Instead, we should learn to appreciate the power of our climate.
I stood in front of the Starbucks, using its free wifi to find an ATM. It was mid-October this year. I was took aback when a powerful wind began to flip people’s umbrellas inside out. The wind tilted the heavy rain that begun to strike the sidewalk at an almost sharp angle. Nearby me the 2 big Starbucks umbrellas began to dance and their edges to flutter.
Many people rushed inside the shopping malls in the downtown Düsseldorf; others like me, found their way inside the Starbucks of course. It seemed like the start of an unusual storm for Germany. People in office buildings pulled their sunshades up to see what’s happening outside.
Our appearance confused the baristas behind the counter, then they looked outside and smiled. Me and another 6 people, as far as I recall, turned around and watched the street through the glass door. I could hear the slow music, smell the sweet coffee, and the chatter. Starbucks was a relaxing bunker.
But why am I telling you this, my friends? Well, at that moment something really surprised me and became the inspiration of this article. It wouldn’t have been so if people next to me didn’t pull out their iPhones to record the storm. LOL. Do you see where I’m going with this? Let me explain.
You might think it’s nothing wrong with this. Of course—it’s your choice; maybe you would’ve done the same. Maybe I would’ve done the same on another day. But here’s what’s weirdly amiss with this: In the age of climate change our first instinct to unusual weather is to film it. Yes, my friends. For my fellow folks, and alas, to our big misfortune, the storm was a mere spectacle.
Yet it was a snapshot, tiny yet meaningful—if they would’ve payed full attention to it, that is—of how it feels when the weather goes berserk. I mean feeling as in acknowledging your emotions. Because, even if it lasted for less than 5 minutes—an insignificant, very rare, and silent fart on the part of Mother Nature—the storm scared us into fleeing inside buildings after all. We are so frail we couldn’t stay outside, not that it’s wise to do so, even in the face of a teeny-tiny fart. Yet somehow some decided this is an Instagramable spectacle?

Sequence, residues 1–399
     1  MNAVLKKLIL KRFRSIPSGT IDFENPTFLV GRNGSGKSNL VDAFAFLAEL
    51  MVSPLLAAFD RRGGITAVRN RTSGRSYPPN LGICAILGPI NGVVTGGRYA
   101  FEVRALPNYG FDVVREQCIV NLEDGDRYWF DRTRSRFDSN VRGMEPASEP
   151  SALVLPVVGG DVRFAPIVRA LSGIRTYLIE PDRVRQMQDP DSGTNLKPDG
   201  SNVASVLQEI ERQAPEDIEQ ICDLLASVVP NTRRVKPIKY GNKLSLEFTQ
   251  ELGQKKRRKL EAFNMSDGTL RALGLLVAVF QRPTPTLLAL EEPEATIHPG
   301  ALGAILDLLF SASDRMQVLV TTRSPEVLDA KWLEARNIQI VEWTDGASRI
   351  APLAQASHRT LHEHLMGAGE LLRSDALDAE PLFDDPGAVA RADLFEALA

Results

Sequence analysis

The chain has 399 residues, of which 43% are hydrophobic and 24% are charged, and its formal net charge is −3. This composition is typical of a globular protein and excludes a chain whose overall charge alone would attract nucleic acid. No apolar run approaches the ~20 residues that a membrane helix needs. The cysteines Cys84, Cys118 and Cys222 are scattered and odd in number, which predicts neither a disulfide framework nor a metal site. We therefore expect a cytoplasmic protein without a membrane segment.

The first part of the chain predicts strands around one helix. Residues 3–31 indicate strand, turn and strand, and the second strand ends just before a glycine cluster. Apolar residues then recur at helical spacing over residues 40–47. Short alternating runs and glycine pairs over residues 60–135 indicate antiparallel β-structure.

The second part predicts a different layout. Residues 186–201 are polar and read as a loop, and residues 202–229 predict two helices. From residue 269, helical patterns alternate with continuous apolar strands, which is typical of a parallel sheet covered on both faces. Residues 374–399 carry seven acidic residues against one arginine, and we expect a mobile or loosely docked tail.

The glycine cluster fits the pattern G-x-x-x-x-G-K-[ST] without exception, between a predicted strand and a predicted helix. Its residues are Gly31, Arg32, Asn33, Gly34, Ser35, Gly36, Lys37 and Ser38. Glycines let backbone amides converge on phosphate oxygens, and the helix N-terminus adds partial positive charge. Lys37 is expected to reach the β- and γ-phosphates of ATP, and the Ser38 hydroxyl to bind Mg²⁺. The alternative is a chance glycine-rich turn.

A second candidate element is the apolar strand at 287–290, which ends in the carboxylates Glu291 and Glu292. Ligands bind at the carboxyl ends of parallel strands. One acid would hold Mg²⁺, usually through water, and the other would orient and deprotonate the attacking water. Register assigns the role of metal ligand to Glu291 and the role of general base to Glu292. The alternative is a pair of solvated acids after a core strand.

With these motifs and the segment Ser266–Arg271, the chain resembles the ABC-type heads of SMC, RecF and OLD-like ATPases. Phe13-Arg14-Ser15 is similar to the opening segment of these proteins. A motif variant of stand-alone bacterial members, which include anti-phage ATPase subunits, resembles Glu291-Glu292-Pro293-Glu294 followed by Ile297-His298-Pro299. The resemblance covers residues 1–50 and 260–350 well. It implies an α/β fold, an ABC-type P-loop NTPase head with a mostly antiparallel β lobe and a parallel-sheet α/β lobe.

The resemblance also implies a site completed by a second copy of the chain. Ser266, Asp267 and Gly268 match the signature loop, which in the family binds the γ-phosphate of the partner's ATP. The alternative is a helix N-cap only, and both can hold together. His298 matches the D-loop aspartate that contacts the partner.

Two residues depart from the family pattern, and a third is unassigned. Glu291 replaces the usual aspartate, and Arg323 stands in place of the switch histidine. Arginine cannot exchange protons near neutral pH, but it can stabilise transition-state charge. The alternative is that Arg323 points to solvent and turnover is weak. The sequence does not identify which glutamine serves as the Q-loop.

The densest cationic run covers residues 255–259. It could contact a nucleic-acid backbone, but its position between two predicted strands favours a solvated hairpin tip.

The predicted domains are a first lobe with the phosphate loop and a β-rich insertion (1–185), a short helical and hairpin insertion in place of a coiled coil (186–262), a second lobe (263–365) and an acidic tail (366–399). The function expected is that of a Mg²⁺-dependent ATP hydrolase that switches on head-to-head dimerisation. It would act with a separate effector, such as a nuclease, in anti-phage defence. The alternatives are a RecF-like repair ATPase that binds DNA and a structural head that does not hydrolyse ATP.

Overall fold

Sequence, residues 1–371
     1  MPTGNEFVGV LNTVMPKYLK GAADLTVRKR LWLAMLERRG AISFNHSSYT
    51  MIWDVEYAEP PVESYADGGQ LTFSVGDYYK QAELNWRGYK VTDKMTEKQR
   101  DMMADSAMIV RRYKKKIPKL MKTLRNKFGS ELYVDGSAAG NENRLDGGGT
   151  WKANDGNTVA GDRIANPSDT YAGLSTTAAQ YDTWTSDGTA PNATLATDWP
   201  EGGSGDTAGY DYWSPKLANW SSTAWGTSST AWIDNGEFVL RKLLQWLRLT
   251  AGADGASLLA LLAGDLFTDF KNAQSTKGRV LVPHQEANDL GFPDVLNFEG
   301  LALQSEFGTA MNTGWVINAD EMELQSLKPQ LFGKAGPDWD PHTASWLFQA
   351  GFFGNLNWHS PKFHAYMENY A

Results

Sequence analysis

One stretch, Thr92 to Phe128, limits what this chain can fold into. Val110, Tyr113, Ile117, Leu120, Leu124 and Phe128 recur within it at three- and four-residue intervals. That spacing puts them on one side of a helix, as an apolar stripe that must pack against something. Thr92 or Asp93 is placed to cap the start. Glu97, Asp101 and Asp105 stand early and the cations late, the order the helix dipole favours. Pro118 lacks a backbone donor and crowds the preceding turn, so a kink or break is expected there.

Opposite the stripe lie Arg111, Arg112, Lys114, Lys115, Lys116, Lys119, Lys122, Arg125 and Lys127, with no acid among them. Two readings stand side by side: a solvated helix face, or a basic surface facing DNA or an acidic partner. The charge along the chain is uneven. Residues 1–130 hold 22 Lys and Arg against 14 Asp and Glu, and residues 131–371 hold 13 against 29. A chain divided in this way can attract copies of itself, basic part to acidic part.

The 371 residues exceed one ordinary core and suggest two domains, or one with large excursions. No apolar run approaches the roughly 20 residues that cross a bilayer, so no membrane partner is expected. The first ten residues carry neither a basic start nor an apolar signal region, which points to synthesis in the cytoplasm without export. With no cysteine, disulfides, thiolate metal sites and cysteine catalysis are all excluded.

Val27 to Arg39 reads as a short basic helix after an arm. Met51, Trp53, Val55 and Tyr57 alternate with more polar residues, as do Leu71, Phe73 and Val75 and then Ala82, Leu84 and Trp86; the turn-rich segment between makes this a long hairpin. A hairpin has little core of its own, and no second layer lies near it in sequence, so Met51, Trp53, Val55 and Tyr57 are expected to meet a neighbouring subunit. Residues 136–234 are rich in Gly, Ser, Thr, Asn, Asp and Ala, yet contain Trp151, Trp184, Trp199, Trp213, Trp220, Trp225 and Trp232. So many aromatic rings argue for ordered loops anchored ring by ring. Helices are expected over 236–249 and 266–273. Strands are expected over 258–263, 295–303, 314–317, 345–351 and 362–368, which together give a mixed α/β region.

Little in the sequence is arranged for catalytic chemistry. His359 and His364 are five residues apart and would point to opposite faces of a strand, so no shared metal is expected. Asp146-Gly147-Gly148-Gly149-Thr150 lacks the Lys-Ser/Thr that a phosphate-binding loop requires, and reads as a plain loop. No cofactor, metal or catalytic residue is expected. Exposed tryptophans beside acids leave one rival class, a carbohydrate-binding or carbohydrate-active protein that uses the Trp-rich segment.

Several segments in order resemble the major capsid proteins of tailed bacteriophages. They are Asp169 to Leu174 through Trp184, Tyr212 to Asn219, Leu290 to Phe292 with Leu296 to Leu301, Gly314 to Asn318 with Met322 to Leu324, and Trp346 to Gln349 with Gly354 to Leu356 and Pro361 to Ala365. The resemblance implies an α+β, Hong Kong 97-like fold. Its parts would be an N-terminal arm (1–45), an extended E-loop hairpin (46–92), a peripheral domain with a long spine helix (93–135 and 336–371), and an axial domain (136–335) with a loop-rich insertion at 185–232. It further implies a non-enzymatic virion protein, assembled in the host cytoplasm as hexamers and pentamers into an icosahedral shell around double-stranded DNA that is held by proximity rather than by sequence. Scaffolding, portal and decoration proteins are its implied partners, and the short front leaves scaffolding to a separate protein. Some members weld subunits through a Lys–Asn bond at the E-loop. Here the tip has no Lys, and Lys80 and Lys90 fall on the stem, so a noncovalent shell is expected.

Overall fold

What I suggest, and you may disagree with me, is that this is a lost opportunity to understand how fragile we are against the climate. Putting a screen between us and reality won’t help to acknowledge this truth. My secret desire then was to tell the folks next to me to leave their gadget in the pocket for their children’s sake and watch and listen to the storm with their full self. After all, it’s a lesson of empathy toward our brothers and sisters who face real disaster. You were scared, but they?, I secretly wanted to tell the people in the Starbucks. The Japanese couldn’t hide in a Starbucks before the recent and the biggest hurricane in 60 years flooded their homeland and killed 78 people and devastated hundreds of homes.
Of course, I cannot link what happened in Dusseldorf with climate change. But we know so well by now that we face unprecedented weather: hurricanes, rains, heatwaves, snowstorms, wildfires, and draughts. Just read the news. Yet these are the mere visible consequences of the most consequential disaster in our history. Do nothing against climate change and the death toll during the Black Death and the 20th and 21st century wars will pale in contrast with that of a toxic climate.